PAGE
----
Oh yeah, I kind of had a correlation that seemed meaningful to me that maybe is to some people in the audience. And that the way you're doing this an artist, as I do, mixed media that kind of thing, painting, and I'm always experimenting with the materials to see what'll they'll do, and they wait a long time until I comeback to them and play with them a different time.
But then there are other people who come in and they start with a sketch or they work off of a photograph. And what you're suggesting in your whole approach is much more in my mind anyways, it's much more sort of alive and juicy and draws you somewhere you don't know where you're going to go. You don't know how it's going to turn out which is different I guess, the difference between the clarity example you gave before, I think.
Well, I think it also speaks to the idea that there are people who write successfully from the outlines. Like, I've come from the school of thought that there is no right way to write a story, it's really a matter of what works the best for the biorhythms of your brain. I have such a subversive programming that I won't even listen to myself tell me what to do. How messed up is that? If put together an outline I would read it and be like, you can't tell me what to do Josh, I'm going to do the exact opposite. So when I'm writing a novel, I know the opening image, and I have no idea what's going to happen after that, and I love the not knowing. And when I try to steer I always go down the wrong path. And when I'm just listening, when I've established. I've taken the time to intimately know my protagonist and I just follow behind her, like some underpaid secretary, and just watch what she does here, and watch what she does here, that's when my art really starts to come alive. So I think it works for both ways. Some people do beautiful work from an outline. If you're an outliner, the only thing I would say about that, is make sure that you're comfortable dislocating it when the character tells you that you're wrong. Because you're always wrong, and the character is always right. Alright so lets do six, seven minutes on this. Dealers choice. Some sort of moral dilemma. Write a scene in which a character does something of questionable moral standing. How can you make the action seem true to their nature? Does that make sense what we're going to do here? Good? Happy writing. Moral dilemmas. And how we're defining it. Sort of it lines up with the novelist Russel Banks idea. That he's always trying to put his characters in moral dilemmas. So then he's always putting his readers in moral dilemmas. And when a reader is in a moral dilemma, again, she's involved, she's invested, she's an active participant so. This is something that has really helped my writing seem inclusive. My writing seems inviting, kind if tipping your hat towards that person who's picking up the book and bringing it to life, with her imagination. These moral dilemmas could be really, really useful for us because again, there are no right answers here. And we don't want right answers. We want the slop. The great, great human slop. Would you be willing to share your exercise with us?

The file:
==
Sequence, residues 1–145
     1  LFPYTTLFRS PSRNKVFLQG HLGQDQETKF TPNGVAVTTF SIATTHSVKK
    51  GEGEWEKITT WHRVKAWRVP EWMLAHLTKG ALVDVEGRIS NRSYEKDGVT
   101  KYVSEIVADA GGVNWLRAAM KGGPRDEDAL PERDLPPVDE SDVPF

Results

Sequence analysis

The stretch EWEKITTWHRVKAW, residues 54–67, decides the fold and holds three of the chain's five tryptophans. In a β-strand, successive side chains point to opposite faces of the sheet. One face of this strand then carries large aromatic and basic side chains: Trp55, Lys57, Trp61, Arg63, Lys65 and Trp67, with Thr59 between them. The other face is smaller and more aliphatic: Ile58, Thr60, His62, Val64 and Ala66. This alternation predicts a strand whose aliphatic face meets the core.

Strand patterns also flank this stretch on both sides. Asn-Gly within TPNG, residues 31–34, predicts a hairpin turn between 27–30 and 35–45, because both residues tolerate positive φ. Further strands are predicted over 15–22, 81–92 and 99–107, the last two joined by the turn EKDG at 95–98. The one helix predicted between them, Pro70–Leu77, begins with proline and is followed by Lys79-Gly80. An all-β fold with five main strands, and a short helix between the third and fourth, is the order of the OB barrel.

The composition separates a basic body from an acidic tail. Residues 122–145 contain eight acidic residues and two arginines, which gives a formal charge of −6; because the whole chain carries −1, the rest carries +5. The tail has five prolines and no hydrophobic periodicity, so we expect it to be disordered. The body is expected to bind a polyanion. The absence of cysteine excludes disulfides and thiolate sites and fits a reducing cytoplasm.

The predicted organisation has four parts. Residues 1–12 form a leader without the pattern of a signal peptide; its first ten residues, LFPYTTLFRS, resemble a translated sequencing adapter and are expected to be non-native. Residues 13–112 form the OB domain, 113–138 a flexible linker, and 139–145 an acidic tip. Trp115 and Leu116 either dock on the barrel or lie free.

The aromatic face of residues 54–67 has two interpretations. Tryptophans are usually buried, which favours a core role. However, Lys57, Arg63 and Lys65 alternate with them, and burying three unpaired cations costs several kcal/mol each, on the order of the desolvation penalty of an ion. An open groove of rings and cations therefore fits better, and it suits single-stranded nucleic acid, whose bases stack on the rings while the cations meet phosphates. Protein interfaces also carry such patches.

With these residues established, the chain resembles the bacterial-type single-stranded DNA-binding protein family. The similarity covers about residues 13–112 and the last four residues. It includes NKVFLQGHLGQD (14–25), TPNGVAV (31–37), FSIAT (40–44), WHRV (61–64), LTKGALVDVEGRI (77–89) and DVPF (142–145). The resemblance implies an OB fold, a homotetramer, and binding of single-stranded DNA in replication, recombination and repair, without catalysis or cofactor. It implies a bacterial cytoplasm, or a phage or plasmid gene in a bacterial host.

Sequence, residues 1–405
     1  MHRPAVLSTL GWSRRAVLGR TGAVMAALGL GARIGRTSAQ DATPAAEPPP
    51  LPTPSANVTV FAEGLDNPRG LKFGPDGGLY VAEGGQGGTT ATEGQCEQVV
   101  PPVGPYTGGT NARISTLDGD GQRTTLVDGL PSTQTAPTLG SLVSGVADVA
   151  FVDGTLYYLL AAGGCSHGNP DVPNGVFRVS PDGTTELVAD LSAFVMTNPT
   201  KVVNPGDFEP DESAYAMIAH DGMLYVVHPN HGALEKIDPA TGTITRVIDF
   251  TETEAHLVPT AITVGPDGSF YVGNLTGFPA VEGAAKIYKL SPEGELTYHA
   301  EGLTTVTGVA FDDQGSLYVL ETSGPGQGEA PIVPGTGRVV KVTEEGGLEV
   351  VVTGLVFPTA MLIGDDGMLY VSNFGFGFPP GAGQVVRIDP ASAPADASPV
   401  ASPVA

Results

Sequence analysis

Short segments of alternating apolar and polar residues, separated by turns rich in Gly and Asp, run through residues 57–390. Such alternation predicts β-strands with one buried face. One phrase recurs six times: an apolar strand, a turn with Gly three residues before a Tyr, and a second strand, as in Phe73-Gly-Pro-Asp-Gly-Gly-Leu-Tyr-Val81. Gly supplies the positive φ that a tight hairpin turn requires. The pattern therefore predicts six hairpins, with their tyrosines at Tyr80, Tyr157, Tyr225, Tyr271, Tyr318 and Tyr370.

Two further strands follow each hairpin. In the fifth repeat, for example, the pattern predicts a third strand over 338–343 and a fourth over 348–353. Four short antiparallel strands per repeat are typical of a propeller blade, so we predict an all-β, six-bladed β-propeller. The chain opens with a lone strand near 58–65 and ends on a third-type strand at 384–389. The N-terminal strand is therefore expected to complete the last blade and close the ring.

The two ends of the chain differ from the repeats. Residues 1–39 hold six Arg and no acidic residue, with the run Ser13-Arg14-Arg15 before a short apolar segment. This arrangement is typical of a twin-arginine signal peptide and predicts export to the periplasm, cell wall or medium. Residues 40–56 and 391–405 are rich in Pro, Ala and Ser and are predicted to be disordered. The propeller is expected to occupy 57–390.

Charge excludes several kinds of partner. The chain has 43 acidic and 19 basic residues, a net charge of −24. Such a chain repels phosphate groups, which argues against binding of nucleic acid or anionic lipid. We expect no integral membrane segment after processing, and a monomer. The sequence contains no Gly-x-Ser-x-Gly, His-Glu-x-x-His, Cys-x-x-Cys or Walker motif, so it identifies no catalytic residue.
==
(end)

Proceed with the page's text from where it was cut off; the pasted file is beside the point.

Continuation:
All creative types suffer from some kind of a block, right? Some can tolerate this better than others though. Ethan couldn't handle it very well at all. You might say it was driving him crazy. It had been weeks sine he'd been able to come up with a concept for a new photo series. An existential crisis was setting in. Obviously he was a complete failure. He'd amount to nothing. The hard work he'd put into building his career up until this point was all a waste. Might as well burn his camera. His dad was right, he was worthless. Wait, dad, you're such an asshole. Ethan remembered something a friend had told him long ago. An idea. It was a great idea. Too bad for this friend of Ethan's. He didn't have quite the skill set to make this idea an actual thing, but Ethan did. Nevermind that his friend had told him this thing that was an idea in confidence. Dad cannot be right. Not today. Not ever. And so Ethan's most well known project was born, from the seed of another man's imagination.
Well I love how you're taking advantage of this idea of the emotional time machine. We talked about the inner editor that writers have but we also have our inner parents. Sometimes they're saying go get 'em. And sometimes they're giving us more toxic messages. So I love how you're using the past as some sort of relevant context as to the things from the history that have kind of contributed to this monologue that's mean, that's polluted, that all these things that have happened five years ago, 10 years ago, 20 years ago, are alive in our head. They can be right back there, we can be nine years old again. We can be six years old. We can be four years old. I think you're doing a really good job with that.